Works for natural horn & fortepiano
Anneke Scott, Steven Devine
Resonus Classics RES10267. 77’51
Ferdinand Ries: Grande Sonate in F major, Op. 34
Friedrich Eugen Thürner: Grande Sonate in E major, Op. 29
Friedrich Starke: Adagio und Rondo, Op. 105
Hendrik Coenraad Steup: Sonate in E flat major, Op. 11
The early years of the 19th-century saw the rise of pieces for horn and piano, following Beethoven’s 1800 Sonata in F major, Op. 17. Catching on to the coat-tails of Beethoven were composers such as the four featured on this Beyond Beethoven recording, all little known except, perhaps, to horn players. They were all close contemporaries, born within 11 years of each other, with links between themselves, Beethoven, and his Op. 17 Sonata. Anneke Scott and Steven Devine perform on original instruments: a c1810 cor solo by Lucien Joseph Raoux, and an 1815 fortepiano by Johann Peter Fritz from the Richard Burnett Heritage Collection, formally at Finchcocks and now in Waterdown House, the home of the Finchcocks Charity in Tunbridge Wells.
Beethoven Transformed, Volume 1
Chamber Music for Harmonie
Boxwood & Brass
Resonus Classics RES10249, 61’40
Beethoven arr. Czerny: Septet Op.20
Beethoven: Sextet Op.71
Beethoven Transformed is a two-year project by Boxwood & Brass exploring wind music in early 19th-century Vienna and, in particular, the rearrangement of Beethoven’s music by other composers for Harmonie (wind band). What are today considered as venerated ‘masterpieces’ were treated with considerable liberty in such arrangements. This recording also throws some welcome light on the world of Harmonie, the wind bands so popular in central Europe, notably in Vienna, but little known today outside that area. Just listening to the first few moments of Beethoven’s Op.20 Septet opens up a world of exotic instrumental colour and texture that relies on the use of period instruments. Continue reading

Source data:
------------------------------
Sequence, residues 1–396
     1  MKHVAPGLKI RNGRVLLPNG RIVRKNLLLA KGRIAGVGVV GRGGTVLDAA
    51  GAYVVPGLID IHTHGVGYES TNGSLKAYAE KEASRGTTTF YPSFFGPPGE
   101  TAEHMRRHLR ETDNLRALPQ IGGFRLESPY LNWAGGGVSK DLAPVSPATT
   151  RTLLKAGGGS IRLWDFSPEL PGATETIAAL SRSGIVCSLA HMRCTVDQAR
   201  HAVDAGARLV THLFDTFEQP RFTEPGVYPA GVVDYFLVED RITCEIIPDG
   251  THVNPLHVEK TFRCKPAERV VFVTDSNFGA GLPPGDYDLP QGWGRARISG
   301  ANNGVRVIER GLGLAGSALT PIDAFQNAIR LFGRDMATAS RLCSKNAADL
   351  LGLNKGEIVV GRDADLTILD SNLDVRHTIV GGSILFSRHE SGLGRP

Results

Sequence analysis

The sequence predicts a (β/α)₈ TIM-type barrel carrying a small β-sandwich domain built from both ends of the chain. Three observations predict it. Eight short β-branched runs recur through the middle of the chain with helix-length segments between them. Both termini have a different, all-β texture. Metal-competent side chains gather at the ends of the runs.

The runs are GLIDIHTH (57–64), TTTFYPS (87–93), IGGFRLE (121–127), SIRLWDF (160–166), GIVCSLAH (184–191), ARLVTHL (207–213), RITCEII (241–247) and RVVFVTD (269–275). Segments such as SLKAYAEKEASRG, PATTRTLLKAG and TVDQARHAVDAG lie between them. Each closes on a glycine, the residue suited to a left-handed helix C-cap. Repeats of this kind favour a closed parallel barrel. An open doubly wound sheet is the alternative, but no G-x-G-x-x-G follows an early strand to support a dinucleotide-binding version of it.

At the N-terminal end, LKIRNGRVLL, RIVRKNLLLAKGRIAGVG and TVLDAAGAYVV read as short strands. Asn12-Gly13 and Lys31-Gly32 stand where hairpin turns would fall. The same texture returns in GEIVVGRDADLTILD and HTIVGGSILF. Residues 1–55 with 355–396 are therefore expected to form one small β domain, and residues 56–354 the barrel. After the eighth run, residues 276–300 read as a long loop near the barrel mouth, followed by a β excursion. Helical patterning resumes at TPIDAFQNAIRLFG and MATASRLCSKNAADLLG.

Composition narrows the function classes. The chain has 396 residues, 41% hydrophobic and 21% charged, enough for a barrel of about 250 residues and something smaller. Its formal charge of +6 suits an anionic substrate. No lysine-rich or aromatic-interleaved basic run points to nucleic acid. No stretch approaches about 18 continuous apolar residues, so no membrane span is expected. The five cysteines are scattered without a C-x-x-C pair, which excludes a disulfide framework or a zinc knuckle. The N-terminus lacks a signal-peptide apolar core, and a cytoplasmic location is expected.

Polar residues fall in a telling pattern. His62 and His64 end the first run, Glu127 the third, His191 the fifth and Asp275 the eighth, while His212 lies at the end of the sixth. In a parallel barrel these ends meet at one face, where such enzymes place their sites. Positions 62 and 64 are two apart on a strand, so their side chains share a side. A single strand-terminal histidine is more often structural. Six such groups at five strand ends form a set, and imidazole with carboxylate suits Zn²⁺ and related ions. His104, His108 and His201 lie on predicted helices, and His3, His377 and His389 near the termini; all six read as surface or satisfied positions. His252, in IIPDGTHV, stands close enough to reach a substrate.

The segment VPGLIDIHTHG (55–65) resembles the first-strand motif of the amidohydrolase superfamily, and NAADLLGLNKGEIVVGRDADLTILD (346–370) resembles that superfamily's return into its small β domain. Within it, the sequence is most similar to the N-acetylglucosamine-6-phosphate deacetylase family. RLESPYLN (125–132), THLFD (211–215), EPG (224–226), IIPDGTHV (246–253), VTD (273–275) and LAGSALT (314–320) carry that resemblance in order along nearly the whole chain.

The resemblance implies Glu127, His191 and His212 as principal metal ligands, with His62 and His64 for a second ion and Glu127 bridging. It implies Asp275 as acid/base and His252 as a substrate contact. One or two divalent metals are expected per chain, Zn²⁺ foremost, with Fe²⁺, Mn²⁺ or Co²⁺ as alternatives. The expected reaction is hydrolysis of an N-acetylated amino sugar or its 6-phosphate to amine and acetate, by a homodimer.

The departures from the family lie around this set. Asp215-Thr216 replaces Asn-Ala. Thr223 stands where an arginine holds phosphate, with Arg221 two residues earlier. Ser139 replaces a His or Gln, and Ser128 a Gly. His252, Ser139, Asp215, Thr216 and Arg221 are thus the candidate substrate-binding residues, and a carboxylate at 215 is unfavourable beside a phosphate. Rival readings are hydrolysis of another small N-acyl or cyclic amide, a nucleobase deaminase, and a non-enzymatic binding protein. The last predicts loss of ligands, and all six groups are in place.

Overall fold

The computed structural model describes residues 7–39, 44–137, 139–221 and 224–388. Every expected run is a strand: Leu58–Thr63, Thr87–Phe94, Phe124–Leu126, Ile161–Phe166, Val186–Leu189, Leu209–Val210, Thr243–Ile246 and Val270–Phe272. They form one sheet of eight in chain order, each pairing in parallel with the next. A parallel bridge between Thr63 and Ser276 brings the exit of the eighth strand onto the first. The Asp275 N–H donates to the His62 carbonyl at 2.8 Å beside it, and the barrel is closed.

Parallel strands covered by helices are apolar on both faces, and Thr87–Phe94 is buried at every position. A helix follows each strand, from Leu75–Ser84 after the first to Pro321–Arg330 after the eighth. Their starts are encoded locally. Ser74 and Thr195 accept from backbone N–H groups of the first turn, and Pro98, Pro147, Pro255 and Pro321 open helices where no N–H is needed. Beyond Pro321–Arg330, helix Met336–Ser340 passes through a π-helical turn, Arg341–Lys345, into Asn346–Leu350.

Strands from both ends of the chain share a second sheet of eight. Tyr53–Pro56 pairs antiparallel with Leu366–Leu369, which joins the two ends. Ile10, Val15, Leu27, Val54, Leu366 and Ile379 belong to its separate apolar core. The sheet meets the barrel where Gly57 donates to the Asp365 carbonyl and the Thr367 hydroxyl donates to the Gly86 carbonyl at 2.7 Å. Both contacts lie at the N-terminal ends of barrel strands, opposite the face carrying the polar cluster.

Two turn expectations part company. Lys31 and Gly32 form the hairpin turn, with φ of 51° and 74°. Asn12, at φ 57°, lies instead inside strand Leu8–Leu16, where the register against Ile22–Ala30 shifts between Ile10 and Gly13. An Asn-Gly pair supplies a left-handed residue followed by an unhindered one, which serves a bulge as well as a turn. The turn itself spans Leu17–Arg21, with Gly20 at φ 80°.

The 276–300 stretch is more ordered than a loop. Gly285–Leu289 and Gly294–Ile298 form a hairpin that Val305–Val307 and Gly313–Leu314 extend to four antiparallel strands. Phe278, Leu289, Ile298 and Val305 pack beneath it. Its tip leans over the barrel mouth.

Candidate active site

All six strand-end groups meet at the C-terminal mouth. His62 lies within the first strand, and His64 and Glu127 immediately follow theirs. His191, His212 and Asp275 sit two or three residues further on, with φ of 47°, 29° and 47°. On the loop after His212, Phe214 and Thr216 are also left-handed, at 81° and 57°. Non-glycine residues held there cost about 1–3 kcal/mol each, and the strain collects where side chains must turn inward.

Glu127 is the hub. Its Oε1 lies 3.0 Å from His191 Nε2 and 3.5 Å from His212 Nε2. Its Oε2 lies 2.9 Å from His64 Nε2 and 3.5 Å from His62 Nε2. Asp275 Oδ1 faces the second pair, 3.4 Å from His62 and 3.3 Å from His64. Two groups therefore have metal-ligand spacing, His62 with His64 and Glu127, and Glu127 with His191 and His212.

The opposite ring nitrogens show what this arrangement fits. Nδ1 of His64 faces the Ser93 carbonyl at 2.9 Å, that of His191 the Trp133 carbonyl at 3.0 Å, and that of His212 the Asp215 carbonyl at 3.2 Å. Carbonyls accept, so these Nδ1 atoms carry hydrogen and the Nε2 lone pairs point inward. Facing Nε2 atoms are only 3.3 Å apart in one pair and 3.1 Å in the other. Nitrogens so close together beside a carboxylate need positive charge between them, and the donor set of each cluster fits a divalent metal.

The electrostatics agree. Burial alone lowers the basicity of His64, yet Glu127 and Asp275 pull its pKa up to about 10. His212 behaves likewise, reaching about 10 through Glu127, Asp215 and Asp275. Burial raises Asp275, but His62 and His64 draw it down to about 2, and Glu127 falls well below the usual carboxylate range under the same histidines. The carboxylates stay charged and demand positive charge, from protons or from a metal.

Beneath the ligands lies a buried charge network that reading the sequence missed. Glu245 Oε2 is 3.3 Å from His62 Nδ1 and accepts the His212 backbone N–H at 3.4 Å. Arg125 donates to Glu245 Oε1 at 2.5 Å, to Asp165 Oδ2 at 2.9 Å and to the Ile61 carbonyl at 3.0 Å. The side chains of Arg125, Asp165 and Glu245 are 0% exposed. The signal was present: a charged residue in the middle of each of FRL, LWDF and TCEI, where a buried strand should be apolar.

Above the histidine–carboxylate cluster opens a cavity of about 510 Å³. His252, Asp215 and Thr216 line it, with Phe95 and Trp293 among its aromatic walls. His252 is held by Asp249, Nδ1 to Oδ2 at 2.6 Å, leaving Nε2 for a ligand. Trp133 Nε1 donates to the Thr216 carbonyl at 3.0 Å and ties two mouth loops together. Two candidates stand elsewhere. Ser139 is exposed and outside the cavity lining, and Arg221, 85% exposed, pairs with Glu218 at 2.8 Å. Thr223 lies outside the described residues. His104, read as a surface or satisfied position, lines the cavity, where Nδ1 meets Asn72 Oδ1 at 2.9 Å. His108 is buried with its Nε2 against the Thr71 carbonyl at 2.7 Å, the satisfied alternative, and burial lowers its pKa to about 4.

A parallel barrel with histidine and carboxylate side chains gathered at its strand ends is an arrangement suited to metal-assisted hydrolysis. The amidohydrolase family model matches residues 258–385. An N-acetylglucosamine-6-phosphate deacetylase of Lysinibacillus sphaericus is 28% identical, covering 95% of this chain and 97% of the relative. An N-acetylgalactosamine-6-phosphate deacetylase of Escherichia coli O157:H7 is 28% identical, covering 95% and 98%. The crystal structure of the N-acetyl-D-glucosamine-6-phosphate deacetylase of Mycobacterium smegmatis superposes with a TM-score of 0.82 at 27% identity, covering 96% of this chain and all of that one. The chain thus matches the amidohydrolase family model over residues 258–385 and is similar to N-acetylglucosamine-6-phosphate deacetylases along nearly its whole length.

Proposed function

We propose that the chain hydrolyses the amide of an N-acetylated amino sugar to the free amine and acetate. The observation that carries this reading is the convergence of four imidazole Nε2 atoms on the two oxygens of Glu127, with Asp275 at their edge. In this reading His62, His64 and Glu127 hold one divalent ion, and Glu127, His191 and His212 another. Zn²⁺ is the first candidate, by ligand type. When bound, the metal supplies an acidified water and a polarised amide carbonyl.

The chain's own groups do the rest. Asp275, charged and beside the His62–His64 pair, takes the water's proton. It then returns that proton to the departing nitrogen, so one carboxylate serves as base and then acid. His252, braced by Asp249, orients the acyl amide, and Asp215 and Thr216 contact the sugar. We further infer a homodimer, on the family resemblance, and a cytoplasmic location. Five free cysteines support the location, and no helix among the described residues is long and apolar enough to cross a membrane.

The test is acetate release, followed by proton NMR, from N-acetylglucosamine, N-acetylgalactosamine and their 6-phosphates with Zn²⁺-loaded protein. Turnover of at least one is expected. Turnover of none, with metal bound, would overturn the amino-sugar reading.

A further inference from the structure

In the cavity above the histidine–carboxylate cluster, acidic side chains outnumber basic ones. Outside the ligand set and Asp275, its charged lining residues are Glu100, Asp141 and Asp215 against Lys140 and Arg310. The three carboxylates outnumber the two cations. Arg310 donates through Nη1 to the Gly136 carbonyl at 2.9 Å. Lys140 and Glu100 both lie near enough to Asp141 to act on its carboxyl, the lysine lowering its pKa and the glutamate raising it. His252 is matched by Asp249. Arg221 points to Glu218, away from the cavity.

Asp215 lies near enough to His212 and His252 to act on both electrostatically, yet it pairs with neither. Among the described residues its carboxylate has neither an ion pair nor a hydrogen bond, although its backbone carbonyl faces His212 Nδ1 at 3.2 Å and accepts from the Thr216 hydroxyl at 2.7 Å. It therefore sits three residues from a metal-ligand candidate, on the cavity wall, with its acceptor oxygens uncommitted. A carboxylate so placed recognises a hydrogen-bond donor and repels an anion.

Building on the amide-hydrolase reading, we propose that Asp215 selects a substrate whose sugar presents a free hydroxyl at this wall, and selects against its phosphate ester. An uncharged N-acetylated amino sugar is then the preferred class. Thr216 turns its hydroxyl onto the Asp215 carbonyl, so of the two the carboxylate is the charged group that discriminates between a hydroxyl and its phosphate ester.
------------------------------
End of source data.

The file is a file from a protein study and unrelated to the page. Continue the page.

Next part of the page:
Le cor mélodique
Mélodies, Vocalises & Chants by Gounod, Meifred & Gallay
Anneke Scott & Steven Devine
Resonus Classics RES10228. 75’57
The horn must have a claim to have one of the longest and most complex histories of all musical instruments, with the exception of the flute and the human voice. From the Scandinavian Lur (dating back some 12,000 years, and surviving today in the form of the crest on packs of butter), ancient animal horns (surviving today as the Jewish Shofar), via the Byzantine Oliphant, the Roman Cornu, and hunting and military horns came the gradual absorption into art music during the 17th century. Initially, these were valveless instruments only capable of playing very restricted notes but time and the addition of plumbing and valves gave the orchestral instrument a much greater range, but at some cost to the distinctive sound of the naturally produced notes of the harmonic scale, modified only by the mouth and hand of the player. In this recording, horn specialist Anneke Scott explores one of the developmental stages of the horn: the mid-19th-century transition from the natural to the piston horn, using three horns and three playing techniques, each related to the specific ideas of the composers. Continue reading